Adele Salierno’s “Thousand-Watt Bathroom” with hundreds of drinking glasses.
Dramatic Kohler faucets.

Next to the teen bedroom is Adele Salierno’s “Thousand-Watt Bathroom,” which takes ordinary drinking glasses and uses them for a backlit wall. Turned on their sides and embedded in the wall, their texture is something special in this era of modern, stripped-down bathrooms.

Dina Bandman’s “Laundering in the Lap of Luxury”

Designer Dina Bandman takes top honors for having the most precious space—the “Tumbled in Thousand Li” third-floor laundry room. The tiled doggy wash is a treat to behold. But the real star of this space (and of this year’s Decorator Showcase overall) is the hand-painted de Gournay wallpaper.

(This is where we stop everything to tell you that de Gournay wallpaper is, well, everything. They recently opened shop on Presidio Heights. And in a just world, they would have lines coming out the door a la Tartine Bakery.)

“Penthouse living room and bar” by Catherine Kwong.

“Penthouse living room and bar” by Catherine Kwong.

Over to the penthouse living room and bar, designed by Catherine Kwong, where the theme of effortless elegance can be found everywhere from the George Nakashima cocktail table to the Kravet upholstery fabric.

Other notable spaces this year include Chloe Warner’s dining room, featuring a solarium for winter plants; Jon de la Cruz’s “Mise En Place” kitchen, an award-winning room that uses several pieces from the Butler and the Chef; Kari McIntosh’s creative office space that boasts a tattered chandelier from Bolt Textiles covered in drapery fabric scraps; and Martin Kobus’s library/”bibliotheek,”a Gothic space with illuminate silk screen imagery.

Kari McIntosh’s “Balancing Point” office space with chandelier in cut-up drapery fabric.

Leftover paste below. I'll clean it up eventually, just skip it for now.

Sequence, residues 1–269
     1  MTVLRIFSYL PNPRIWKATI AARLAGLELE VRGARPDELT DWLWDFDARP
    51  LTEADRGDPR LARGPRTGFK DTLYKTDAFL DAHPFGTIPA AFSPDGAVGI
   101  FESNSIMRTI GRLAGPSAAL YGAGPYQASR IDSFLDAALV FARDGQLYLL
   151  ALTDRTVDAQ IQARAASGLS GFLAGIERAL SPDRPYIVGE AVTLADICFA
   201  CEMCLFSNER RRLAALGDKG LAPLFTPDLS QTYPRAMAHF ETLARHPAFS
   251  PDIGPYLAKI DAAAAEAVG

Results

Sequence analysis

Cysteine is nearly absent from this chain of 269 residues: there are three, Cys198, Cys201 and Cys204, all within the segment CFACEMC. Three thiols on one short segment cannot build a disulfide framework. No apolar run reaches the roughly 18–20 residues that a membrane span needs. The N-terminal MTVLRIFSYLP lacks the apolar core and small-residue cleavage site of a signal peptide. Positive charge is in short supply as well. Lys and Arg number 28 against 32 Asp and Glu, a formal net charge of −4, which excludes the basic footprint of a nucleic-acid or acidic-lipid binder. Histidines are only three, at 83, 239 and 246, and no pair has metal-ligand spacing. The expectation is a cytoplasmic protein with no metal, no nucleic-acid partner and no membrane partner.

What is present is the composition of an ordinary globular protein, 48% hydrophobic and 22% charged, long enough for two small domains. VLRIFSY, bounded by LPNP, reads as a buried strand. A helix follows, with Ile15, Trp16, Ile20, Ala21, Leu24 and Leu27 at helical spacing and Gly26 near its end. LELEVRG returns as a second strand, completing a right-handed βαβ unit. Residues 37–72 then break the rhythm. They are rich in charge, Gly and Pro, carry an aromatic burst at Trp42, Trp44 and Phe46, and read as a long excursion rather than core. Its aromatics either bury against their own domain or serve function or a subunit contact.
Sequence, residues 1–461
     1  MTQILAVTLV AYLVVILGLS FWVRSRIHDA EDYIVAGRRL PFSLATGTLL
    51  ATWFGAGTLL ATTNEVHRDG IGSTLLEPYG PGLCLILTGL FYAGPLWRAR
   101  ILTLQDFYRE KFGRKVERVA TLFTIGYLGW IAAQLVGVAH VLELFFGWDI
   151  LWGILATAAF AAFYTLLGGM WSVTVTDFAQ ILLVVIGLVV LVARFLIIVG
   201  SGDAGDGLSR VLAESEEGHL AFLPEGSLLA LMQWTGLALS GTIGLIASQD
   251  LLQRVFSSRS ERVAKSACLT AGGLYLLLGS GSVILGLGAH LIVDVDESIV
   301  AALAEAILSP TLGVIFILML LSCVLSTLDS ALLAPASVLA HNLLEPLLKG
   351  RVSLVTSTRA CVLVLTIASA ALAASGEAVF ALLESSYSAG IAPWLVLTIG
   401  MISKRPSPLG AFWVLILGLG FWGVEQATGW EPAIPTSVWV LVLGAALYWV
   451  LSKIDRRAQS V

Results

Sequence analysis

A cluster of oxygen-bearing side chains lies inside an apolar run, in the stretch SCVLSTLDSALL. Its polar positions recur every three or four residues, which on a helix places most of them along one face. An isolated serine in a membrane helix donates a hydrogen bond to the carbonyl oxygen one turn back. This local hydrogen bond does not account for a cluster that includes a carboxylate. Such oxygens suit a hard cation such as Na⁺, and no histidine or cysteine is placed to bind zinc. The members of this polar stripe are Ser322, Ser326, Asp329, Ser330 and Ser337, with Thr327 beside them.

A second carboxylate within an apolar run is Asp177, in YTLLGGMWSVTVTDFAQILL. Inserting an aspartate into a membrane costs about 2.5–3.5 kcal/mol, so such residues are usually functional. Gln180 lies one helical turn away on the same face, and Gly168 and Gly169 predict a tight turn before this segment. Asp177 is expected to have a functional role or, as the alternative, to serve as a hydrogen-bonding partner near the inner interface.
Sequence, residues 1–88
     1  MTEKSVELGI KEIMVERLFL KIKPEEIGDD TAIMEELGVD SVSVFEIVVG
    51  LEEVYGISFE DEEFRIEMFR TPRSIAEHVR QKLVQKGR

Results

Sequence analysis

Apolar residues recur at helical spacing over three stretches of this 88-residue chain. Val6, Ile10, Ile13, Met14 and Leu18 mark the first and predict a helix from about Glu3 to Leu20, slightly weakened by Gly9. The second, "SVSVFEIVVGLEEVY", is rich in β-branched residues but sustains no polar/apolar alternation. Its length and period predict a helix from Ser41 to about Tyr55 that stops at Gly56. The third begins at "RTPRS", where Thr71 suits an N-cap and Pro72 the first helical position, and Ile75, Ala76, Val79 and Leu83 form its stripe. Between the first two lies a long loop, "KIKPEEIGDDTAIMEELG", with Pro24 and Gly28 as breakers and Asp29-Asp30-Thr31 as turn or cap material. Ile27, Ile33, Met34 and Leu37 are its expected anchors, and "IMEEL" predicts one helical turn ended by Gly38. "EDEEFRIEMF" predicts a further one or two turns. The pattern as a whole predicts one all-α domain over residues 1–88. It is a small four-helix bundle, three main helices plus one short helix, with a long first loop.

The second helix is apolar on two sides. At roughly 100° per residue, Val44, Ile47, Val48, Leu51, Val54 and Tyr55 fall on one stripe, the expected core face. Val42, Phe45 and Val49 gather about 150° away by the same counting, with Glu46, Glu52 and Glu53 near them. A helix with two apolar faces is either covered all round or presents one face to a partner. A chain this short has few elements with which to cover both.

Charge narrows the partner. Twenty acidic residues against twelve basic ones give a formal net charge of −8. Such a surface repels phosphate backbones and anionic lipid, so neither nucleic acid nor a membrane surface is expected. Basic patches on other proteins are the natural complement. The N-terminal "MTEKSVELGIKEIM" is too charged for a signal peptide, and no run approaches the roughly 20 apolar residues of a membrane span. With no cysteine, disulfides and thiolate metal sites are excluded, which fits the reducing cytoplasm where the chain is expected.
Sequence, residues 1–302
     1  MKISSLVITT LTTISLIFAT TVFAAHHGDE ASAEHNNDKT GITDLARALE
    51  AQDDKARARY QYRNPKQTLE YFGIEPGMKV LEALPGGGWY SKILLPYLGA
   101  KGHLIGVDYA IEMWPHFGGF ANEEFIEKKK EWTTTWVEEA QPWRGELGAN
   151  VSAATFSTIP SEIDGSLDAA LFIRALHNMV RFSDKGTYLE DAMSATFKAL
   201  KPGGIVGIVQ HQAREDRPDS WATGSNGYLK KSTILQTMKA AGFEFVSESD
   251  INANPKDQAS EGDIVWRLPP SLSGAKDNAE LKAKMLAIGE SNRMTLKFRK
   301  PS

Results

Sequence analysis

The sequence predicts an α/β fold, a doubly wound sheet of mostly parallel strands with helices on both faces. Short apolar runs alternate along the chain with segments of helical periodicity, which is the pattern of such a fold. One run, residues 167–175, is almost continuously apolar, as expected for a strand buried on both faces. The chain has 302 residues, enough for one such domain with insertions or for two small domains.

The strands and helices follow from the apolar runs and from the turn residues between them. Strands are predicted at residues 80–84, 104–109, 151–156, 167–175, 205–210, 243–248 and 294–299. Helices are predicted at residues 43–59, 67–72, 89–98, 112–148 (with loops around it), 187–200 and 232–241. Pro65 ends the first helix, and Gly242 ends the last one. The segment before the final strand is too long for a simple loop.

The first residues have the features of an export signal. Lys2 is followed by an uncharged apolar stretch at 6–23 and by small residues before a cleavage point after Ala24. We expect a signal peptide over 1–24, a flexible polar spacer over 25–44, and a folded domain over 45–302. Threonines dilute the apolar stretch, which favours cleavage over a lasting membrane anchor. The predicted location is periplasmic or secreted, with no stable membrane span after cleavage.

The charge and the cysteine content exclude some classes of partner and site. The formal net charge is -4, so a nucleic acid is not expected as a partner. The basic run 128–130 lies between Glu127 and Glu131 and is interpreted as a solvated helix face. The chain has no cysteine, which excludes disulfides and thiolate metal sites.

Krista Hoffman’s Curio Closet.
Krista Hoffman’s Curio Closet.

The 2017 San Francisco Decorator Showcase will be open to the public until May 29, located at 2698 Pacific Avenue. Tickets run from $30 to $35, and you can purchase them at the door or online. The money raised benefits San Francisco University High School’s financial aid program, which has received over $14 million since the showcase’s inception.

Check out the entire abode to see what’s in store for you.

Ian Stallings’s “The Age of Innocence”
Ian Stallings’s “The Age of Innocence”
Mead Quin’s “Guest Bathroom”

Jon de la Cruz’s “Mise En Place” kitchen.

Chloe Warner’s “Dining Room”

CME Interiors, Chris Eskra’s “Executive Refuge”
Sherry Hope-Kennedy’s Great Exploration Kids Bedroom
Stephen Stout and David Bjørngaard’s “Powder Room”
Martin Kobus’s “Library/Bibliotheek”
“Moody Blues” by Benni Amadi Interiors and Courtney Springer Interiors
“Moody Blues” by Benni Amadi Interiors and Courtney Springer Interiors
Catherine Kwong’s penthouse room balcony.

Interior Design | From Curbed

The Mystifying World of TikTok Home Tours

First Person | From Curbed

The appeal of the TikTok everyhouse

Interior Design

Now Is the Perfect Time to Redo Your Bay Windows

View all stories in Interior Design